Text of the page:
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Fed interest rate hike: Wall Street dip curtails celebrations - as it happened

Discussion in 'Market News' started by Lily, Dec 18, 2015.

  1. Lily

    Lily Forum Member

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    Dow slips back but markets rally in Asia and Europe, the dollar strengthens, and commodities fall, after US rate rise


    5.53pm GMT

    Over in Athens there has been some commotion this afternoon between Greece and its creditors. Our correspondent Helena Smith reports:

    In a highly embarrassing move, the leftist-led government has had to withdraw its much-touted “parallel economic program” - outlining measures to ease the debt-stricken country’s humanitarian crisis – under threat of having its next aid disbursement withheld. The program had been central to prime minister Alexis Tsipras’ promise that while his government had been forced to swallow the bitter pill of austerity – the price of being bailed out to the tune of €86bn this summer - harsh reforms would be offset with assistance for the most needy.

    Almost immediately there was uproar.

    4.58pm GMT

    With the Federal Reserve removing the uncertainty clouding markets by finally raising US interest rates, European markets responded favourably to the news. But an opening fall on Wall Street - which had surged in the immediate aftermath of Wednesday’s Fed move - took some of the shine off, and European shares ended off their best levels. The rise in the US dollar following the announcement of dearer borrowing costs hit commodity prices, with Brent crude down 0.5%, and left energy shares lower. The closing scores showed:

    3.58pm GMT

    The IMF has commented on the Christine Lagarde situation:

    IMF Communications Director Gerry Rice:“As we have said before, it would not be appropriate to comment on a case that has been and is currently before the French judiciary. However, the Executive Board continues to express its confidence in the Managing Director’s ability to effectively carry out her duties. The Board will continue to be briefed on this matter.”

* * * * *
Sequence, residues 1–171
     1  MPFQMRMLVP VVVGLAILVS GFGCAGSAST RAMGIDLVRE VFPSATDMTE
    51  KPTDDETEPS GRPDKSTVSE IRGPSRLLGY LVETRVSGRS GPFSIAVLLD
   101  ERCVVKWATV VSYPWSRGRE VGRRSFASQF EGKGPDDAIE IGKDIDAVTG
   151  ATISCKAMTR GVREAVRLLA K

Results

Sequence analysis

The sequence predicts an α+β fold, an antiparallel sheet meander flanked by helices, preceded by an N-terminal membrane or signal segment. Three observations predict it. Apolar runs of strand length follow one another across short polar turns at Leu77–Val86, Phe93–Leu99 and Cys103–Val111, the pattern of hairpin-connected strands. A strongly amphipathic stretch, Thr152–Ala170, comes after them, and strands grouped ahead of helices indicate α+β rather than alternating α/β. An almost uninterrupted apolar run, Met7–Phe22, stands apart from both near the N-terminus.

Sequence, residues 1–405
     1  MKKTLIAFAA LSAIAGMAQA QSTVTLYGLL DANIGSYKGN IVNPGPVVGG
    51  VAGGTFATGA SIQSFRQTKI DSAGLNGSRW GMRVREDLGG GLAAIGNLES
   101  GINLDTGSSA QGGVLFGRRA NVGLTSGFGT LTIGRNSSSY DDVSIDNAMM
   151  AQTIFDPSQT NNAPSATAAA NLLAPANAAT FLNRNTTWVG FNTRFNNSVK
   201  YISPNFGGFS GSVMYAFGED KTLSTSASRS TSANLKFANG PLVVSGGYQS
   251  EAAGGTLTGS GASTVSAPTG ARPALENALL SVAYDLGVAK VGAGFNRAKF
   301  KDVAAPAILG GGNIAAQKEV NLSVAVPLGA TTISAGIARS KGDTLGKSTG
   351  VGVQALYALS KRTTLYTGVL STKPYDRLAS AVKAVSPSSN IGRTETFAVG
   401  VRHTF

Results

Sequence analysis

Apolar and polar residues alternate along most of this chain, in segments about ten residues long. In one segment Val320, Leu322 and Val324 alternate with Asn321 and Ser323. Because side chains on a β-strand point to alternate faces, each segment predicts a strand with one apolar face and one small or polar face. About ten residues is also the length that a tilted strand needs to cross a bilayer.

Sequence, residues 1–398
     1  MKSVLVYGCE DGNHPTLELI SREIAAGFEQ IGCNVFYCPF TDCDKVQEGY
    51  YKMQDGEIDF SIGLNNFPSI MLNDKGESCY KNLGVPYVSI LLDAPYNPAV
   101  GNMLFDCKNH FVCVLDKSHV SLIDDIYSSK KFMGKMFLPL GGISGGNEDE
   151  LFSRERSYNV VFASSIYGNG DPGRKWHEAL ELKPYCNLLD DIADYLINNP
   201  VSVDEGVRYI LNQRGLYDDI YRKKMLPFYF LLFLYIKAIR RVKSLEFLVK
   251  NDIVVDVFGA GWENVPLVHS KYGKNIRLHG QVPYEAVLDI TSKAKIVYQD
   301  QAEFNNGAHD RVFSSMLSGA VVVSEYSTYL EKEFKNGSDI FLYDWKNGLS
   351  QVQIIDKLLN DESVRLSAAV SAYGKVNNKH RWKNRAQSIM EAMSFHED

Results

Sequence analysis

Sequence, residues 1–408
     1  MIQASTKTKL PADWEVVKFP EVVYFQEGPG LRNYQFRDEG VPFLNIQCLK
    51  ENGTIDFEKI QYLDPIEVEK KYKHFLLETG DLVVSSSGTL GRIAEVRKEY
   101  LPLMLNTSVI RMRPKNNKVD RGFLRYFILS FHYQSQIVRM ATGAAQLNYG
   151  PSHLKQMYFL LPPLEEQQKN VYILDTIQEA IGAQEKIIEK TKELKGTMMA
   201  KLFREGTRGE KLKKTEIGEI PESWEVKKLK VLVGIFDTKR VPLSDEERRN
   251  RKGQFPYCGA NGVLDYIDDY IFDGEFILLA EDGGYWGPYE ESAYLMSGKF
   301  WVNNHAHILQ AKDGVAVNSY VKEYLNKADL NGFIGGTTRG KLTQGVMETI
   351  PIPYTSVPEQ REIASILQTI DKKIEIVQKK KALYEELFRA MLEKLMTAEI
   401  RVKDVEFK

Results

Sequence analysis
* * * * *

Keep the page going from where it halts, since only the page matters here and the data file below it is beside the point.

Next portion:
3.52pm GMT

    Here’s the early take on Christine Lagarde facing trial:

    Related: IMF head Lagarde to face French trial over Tapie affair

    3.46pm GMT

    Wall Street continues to decline, following its immediate rise on Wednesday after the US Federal Reserve raised interest rates and promised only gradual increases in future.

    After a near 225 point increase in the wake of the Fed announcement, the Dow Jones Industrial Average is now down 61 points or 0.35%.

    3.17pm GMT

    Christine Lagarde’s lawyer has told Reuters that he will recommend she appeals the decision to try her over the Bernard Tapie affair.

    3.15pm GMT

    It looks like French journal Mediapart got the scoop about Christine Lagarde facing trial.

    Here’s their story:

    3.05pm GMT

    French media are reporting that the managing director of the International Monetary Fund, Christine Lagarde, is to face trial over the Tapie financial scandal that had dogged France.

    BREAKING: French court orders IMF head Christine Lagarde to face trial over credit Lyonnais/Bernard Tapie affair - french media

    Related: Christine Lagarde to be investigated for alleged role in political fraud case

    2.44pm GMT

    That didn’t last long... the Dow is now down 30 points.

    2.35pm GMT

    US stocks open higher after rate hike https://t.co/4tB0iaAeZP pic.twitter.com/ULsP5emsvw

    2.33pm GMT

    Ding ding!

    Shares are inching higher on Wall Street as traders returned to their desks in New York after yesterday’s excitement.

    2.12pm GMT

    The latest weekly US unemployment figures are out.

    And they don’t suggest that the Fed made a catastrophic error by raising borrowing costs last night.

    1.56pm GMT

    Janet Yellen may not receive Christmas cards from many gold bugs this year.

    The gold price has dropped by over 1% today to $1,058 per ounce, hit by the stronger dollar following the rise in US interest rates.

    RT tbiesheuvel: The delayed Fed fallout. #Gold goes back below $1,060 https://t.co/lSynSfGS7i pic.twitter.com/CHGYxXUUNw #trading

    1.36pm GMT

    This chart shows how the peso has caught up with reality...

    #Argentina Peso falls 29% after Macri lifts currency controls. Official Peso now near Black market Peso. pic.twitter.com/wl4HVUzAG2

    1.34pm GMT

    Argentina’s currency has just slumped by 30% against the dollar as the government lifts foreign exchange controls that had kept it artificially high.

    The peso is changing hands at 14 to the US dollar, from around 10 last night. That’s broadly in line with the black market rate; a scarcity of US dollars has meant Argentines have had to pay much more than the official exchange rate.

    *ARGENTINE PESO FALLS 29% TO 13.9/USD ON MAE IN BUENOS AIRES

    “He who wants to import will be able to do so, and he who wants to buy dollars will be able to buy them.”

    Related: Argentina lifts currency controls, floats peso in bid to boost economy

    1.12pm GMT

    The bulls are out on the Frankfurt stock exchange today:

    The decision to raise rates for the first time following almost a decade of crises and unconventional policy measures is being welcomed as much for its end to uncertainty as its vote of confidence in US economic recovery.

    Has Yellen fired the starting pistol for a return to conventional policy and a delayed Santa Rally?